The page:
According to www.trademap.org, exports to Europe stood at US$ 46.2 billion in 2020, a share of 16.77% of India’s merchandise exports of US$ 275.48 billion. India is also trying to cut into Chinese and Russian supply chains to this market.

The new measures for ESG disclosures and likely forthcoming mandatory human rights, environmental and governance due diligence will impact the current alignment of companies’ global supply chains as they will have to examine each link in their respective chains.

The European Commission has unveiled its proposal on a Corporate Sustainability Due Diligence Directive. The scope of the proposed Directive is far-reaching. The Commission did not only impose duties on EU companies but also on non-EU companies that operate in the EU’s internal market. The European Commission’s proposal aims to ensure that companies undertake environmental and human rights due diligence in their own operations, the operations of their group subsidiaries and their global value chains.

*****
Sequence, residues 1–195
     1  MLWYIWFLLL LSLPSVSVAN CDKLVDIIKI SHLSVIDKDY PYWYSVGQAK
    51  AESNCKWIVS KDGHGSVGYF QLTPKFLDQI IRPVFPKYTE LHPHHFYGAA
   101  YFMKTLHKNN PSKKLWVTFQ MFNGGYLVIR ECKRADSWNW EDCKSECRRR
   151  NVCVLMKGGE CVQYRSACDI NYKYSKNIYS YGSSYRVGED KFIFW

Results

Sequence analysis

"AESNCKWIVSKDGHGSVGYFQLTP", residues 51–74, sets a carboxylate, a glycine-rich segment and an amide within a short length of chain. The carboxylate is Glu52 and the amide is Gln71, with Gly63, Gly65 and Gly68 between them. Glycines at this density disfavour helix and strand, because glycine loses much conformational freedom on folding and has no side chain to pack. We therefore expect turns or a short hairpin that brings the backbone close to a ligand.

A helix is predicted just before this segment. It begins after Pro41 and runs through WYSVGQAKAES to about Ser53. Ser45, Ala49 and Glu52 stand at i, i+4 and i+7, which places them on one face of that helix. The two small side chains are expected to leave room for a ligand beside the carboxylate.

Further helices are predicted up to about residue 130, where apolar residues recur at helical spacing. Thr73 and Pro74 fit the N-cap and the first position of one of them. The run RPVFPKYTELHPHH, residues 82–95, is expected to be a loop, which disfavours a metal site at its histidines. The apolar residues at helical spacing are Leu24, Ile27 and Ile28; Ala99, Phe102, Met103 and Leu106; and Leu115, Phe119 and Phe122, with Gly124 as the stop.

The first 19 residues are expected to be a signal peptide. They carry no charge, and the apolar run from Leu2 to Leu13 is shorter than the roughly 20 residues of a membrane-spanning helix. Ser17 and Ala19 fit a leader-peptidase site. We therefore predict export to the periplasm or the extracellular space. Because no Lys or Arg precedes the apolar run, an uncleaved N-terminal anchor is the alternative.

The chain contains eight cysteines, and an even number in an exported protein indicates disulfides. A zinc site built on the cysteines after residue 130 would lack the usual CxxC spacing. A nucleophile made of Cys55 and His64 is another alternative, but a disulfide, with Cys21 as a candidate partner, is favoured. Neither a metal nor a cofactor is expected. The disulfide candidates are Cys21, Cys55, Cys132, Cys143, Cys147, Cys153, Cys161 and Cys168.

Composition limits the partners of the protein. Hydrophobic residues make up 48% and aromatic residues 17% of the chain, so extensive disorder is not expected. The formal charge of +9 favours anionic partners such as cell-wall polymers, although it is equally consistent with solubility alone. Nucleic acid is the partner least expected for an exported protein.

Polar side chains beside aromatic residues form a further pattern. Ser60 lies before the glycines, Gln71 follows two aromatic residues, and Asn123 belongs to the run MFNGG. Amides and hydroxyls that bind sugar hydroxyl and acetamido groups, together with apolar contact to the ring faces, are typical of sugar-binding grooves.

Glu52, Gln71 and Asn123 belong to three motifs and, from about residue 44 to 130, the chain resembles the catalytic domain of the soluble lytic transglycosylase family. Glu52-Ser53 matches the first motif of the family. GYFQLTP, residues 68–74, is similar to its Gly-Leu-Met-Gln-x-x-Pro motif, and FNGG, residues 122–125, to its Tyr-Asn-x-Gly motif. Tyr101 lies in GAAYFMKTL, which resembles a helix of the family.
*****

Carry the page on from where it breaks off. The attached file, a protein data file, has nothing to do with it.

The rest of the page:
A company therefore will have to make all efforts within its means to ensure that its business partners (both upstream and downstream, direct and indirect) have in place human rights, environmental and good governance policies that are in line with the company’s compliance of due diligence.

Those companies which are importing from India would be impacted and they will further expect that exporting partners to incorporate these in their business plans. For example, social risks could extend to considering potential risks through not just a company’s immediate operations but also its key supply chains, requiring knowledge of where its production takes place and the makeup of its workforces and their living conditions.